Class Introduction - Creative Bravery X Commitment
There are lots and lots of different ways to do this. There is no single step by step list of instructions. There is no formula. There are lots of different strategies and lots of different tactics that you can think about when you are planning to grow your own audience. My goal today is not to show you the one true way to do this but rather to give you a couple of examples that I've seen in my time working in podcasting that have been really, really effective. And the hope is that you're going to walk away with a few examples and some inspiration as you start to think about how you're going to either to continue to grow or start to grow your audience. Does that sound like a plan? We're good? Yes? Okay, I want to introduce you to two terms that we use all the time at our company, Pacific Content. We talk a lot about creative bravery and we talk a lot about commitment. I'm going to show you our blueprint for podcast success. It is not complicated, it is in fact perhaps the simplest grap...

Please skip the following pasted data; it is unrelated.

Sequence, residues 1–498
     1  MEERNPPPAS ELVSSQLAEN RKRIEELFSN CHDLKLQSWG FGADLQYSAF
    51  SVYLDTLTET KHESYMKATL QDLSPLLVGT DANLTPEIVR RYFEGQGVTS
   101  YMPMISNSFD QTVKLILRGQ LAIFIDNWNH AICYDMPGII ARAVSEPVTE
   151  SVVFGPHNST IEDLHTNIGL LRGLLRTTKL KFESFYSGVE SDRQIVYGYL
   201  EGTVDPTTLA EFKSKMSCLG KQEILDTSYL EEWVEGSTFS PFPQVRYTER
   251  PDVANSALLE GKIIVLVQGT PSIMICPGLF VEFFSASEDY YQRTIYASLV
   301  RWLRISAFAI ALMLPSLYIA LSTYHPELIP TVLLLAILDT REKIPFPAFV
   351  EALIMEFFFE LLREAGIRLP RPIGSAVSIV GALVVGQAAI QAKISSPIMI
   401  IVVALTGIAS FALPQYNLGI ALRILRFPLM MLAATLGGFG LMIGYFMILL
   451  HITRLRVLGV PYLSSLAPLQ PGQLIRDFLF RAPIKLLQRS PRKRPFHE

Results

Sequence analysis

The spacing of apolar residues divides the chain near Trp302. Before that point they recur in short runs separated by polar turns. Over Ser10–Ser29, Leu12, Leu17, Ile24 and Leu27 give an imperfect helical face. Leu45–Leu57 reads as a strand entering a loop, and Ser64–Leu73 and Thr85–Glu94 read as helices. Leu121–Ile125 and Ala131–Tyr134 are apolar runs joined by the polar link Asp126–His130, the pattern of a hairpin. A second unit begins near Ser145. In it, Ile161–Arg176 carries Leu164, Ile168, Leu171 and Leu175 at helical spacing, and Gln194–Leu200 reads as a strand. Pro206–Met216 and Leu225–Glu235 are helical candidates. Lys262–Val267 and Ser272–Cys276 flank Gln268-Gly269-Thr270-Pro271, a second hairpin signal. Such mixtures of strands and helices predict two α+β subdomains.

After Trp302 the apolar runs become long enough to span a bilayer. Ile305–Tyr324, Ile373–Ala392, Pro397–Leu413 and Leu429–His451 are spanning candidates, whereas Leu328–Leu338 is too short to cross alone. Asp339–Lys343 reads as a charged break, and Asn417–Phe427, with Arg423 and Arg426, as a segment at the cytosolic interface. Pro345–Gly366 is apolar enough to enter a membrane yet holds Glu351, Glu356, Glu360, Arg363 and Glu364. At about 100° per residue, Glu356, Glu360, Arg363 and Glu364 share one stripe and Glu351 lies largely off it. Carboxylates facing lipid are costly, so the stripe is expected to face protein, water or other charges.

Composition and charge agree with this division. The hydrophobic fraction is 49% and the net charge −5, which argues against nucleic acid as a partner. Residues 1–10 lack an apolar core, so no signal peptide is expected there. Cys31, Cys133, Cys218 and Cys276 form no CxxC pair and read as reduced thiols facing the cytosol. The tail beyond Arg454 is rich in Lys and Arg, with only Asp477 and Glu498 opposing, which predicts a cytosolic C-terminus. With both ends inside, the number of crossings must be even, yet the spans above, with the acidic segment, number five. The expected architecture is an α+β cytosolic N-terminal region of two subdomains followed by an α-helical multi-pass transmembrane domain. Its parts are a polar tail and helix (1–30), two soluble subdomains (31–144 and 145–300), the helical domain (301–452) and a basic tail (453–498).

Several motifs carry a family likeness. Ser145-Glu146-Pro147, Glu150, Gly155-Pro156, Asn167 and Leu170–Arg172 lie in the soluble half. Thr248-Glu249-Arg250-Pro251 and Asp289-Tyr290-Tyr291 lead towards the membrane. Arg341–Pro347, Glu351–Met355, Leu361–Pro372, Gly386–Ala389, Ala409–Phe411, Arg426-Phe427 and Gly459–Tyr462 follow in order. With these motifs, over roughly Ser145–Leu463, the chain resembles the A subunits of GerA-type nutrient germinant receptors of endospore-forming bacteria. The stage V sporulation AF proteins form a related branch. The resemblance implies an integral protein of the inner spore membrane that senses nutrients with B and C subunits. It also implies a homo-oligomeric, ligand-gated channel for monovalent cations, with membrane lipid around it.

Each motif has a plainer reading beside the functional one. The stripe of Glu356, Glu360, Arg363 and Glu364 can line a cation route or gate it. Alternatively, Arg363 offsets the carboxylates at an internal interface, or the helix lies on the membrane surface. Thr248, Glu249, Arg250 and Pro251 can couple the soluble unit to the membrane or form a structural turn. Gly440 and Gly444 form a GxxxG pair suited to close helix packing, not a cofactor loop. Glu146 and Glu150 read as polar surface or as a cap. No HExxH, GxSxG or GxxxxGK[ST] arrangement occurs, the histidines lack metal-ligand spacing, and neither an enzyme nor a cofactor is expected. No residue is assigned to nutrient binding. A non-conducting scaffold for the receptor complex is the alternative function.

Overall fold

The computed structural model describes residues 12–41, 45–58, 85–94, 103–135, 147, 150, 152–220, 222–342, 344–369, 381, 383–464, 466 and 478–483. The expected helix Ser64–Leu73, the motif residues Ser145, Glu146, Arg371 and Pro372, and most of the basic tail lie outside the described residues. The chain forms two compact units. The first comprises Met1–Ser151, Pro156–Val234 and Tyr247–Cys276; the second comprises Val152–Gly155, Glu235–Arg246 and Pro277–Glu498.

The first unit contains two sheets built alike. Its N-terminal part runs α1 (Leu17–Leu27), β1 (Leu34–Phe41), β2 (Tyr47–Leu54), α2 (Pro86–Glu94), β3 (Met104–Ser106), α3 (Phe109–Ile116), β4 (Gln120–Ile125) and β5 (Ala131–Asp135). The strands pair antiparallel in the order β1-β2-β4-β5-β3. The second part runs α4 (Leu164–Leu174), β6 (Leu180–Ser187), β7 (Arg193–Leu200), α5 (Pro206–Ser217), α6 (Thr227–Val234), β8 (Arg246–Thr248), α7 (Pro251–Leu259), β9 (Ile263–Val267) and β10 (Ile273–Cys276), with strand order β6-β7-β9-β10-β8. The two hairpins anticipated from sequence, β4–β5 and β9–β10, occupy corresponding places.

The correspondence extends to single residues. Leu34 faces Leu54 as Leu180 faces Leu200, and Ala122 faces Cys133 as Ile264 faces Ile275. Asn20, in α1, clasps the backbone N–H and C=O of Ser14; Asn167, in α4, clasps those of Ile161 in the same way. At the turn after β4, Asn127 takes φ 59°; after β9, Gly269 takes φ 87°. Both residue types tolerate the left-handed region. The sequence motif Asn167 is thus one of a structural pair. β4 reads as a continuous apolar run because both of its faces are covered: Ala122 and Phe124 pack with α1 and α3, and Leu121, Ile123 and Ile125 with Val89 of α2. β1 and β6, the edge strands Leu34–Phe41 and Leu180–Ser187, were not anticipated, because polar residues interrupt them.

h you will ever see. This is what it looks like. (audience laughing) So creative bravery and commitment. Let's start with creative bravery. What does creative bravery mean? Creative bravery means making a really great, high quality show that is designed from the beginning for audiences to love it. It is a show that adds value to people's lives. When you are creatively brave, you are making a show that is intended to be and presented in the spirit of a gift. You are making a thing for an audience. Creative bravery means making a show that is designed to stand out from the crowd. It is designed to stand out from the more than half million podcast series that are already in places like Apple podcasts. It's designed to stand out from the millions and millions of episodes of shows that are out there. And it is about making a show that is different. That is differentiated and making the show that only you can make. The show that only you can offer. So great question to ask yourself when you're thinking about creative bravery is what am I uniquely suited to do? What is the show? What is the viewpoint? What is the perspective? What is the angle that I have that nobody else has? What is the show that only I can make? And the great thing about creative bravery is that it's a scale. You can be very creatively brave. Or you can be not creatively brave. You can be creatively very safe. You can ask yourself some questions when you're looking at your show to gauge your own creative bravery. You can ask yourself questions, honest questions. Like is my show boring? The answer might be yes. If you have a boring show, it's probably on the lower end. Is this a safe format? Is this another two people talking to each other, unedited, low production value show? That is not particularly creatively brave. That is one of those things that sort of lets you slip down on the creatively brave scale. Here's a great question you're going to ask yourself. If I didn't make this show myself, would I listen to it? And this requires being candid with yourself. It relies on not asking your friends and family who already like you for opinions on your show. But looking deep within yourself and saying like am I making a show that I would listen to myself in my own experience? If you're a company or you're an organization and you're making a show. You can ask yourself questions like does my show sound like a brochure? Does it sound like an infomercial? If so, you are slipping down on the creative bravery scale. If you are working with a company, if you are a company, if you're making a podcast for your own business, is my podcast full of my own company's executives talking to our own thought leaders? Is this a vanity project or is this something that is designed for larger audience? These are questions that you can ask yourself. So creatively brave shows are innovative and designed to stand out from the pack and offer something that nobody else can offer. So that's the starting place. Creative bravery is table stakes. If you don't have a creatively brave show, nothing I'm going to tell you is going to make much of a difference. You need to have a really, really great show. What is commitment? Commitment is the other axis that we're looking at. And commitment basically means making sure that the right people know about your show. Commitment means using every single tool that you have at your disposal to make sure that your target audience actually finds out about your show. And I'm not just talking about finding out about your show once, because you sent out a press release. I'm talking about continually telling your audience that your show exists and that it is worth listening to. So it's not just at launch. It is every single episode. Treating each episode like a campaign. And you've got to make it compelling each and every episode, this is ongoing work. This is not set it and forget it. This is not one and done. This is ongoing work that needs to be done. Later today we're going to sort of break commitment down into a couple of different buckets. We're going to talk about paid, owned, earned, channels, also internal channels. And the thing about this graph that I love aside from its simplicity is that creative bravery and commitment work as multipliers. Right, if you have a creatively brave show but you don't have a whole lot of commitment, you're gonna have a great show that nobody ever hears. And that's fine if what you want is the process of making a podcast and doing it for your own fun or edification or doing a project in your spare time for its artistic merits. There's nothing wrong with that. But if you have a creatively brave show and very little commitment, you got a great show that nobody's gonna hear. The flip side of that is if you have a not very creatively brave show but very high commitment. You're probably gonna fool some people into listening to your not great show once. But if you were like me and you believe that podcasts are a medium based on loyalty and audiences build over time, if you are in it for the long haul. Low creative bravery, high commitment is a recipe for lots of initial drive by traffic and no long term relationship. So, creative bravery and commitment, what we want is to push as far up into the right as we possibly can and we need to be constantly evaluating our shows on these two metrics. Creative bravery by commitment is another way of saying this. And this sounds really simple. But you would be amazed how many people make great shows but don't tell people about it. And you would be amazed at how many people tell lots of people about their mediocre shows. And it only works, the only really successful, long term shows are the ones that are both great and are effectively marketed and that is what we are going to talk about next. I want to tell you a story. This is a tale of two podcast launches. I'm gonna show you a couple of charts from two different launches that I was personally involved in. Both of these shows were creatively very brave. The difference was in the commitment. One was very high, in terms of commitment. The other was kind of low. So, I don't know how many podcast charts we've looked at so far but this is the first month of a very high commitment launch. And what you can see pretty clearly is a pattern. And you can see the first month, this is a teaser episode. And then the first two full episodes that were delivered. What you can see is in orange, daily downloads over time for that first month and in blue you see the subscriber base growing up. So we're looking at downloads and subscriptions. And you'll notice a couple of things. It's fairly obvious where we drop the trailer. It's that first little spike of downloads. All right, very very early on in the left hand side of the graph. It's also fairly obvious where we dropped the first full episode and the second full episode. This is not surprising. We tend to see spikes when you drop new episodes. Usually within the first 24 or 48 hours. You see your biggest spikes of downloads. And with the first episode that we dropped, there's something interesting going on. Where the number of daily downloads greatly exceeds the subscriber base. And what this suggests to me is people are sampling. People are checking the show out and they're saying is this for me? Is this not for me? Do I like it? But again, high commitment drove lots of attention to the show early on and it's not a bad thing if your daily downloads early on in the life of your show greatly exceed your subscriber numbers. Because you haven't yet built up a subscriber base over time. You've had a lot of drive by downloads. And then we see over time the subscriber base grows and we see a second episode drop and if you add all these up, they tend to land in the total subscriber numbers. So, this is a high commitment launch. This is what this looked like from our perspective. Measuring downloads and subscribers. This is a low commitment launch. Again, it's the first month. It is a trailer and the first two full episodes. We're again looking at the daily downloads in orange and the subscriber base in blue. So it's a similar kind of thing. We see where the trailer dropped. We see where the first episode dropped. We see where the second episode dropped. Again, we see for that first episode where we're driving lots of attention to the show, we see those daily downloads exceeding the subscriber base. Again, not surprising, people are sampling. So these two graphs that we've looked at. High commitment and low commitment. The pattern looks remarkably similar when you look at trailer, episode one, episode two. When you look at, there's a lot of very similar stuff going on. What is the difference between these two launches? It's the scale. Pattern is exactly the same. But the high commitment launch in the first month did 150,000 downloads across a trailer and two episodes. Which is a good number of downloads. And the low commitment launch, we were measuring in the hundreds or maybe thousands of downloads. And the thing to keep in mind is the cost of these shows, in terms of the time that we put in to make them and the production costs associated with them. The cost was exactly the same. Minute for minute, these very similar budgeted shows. What was the difference? It was the commitment. So, this is why I like to say the commitment is a multiplier on great editorial. If you don't have a great show, it's hard to promote it in a way that will generate long term ongoing relationships. But, if you've got a great show and you do a good job of telling people about it, it makes all the difference.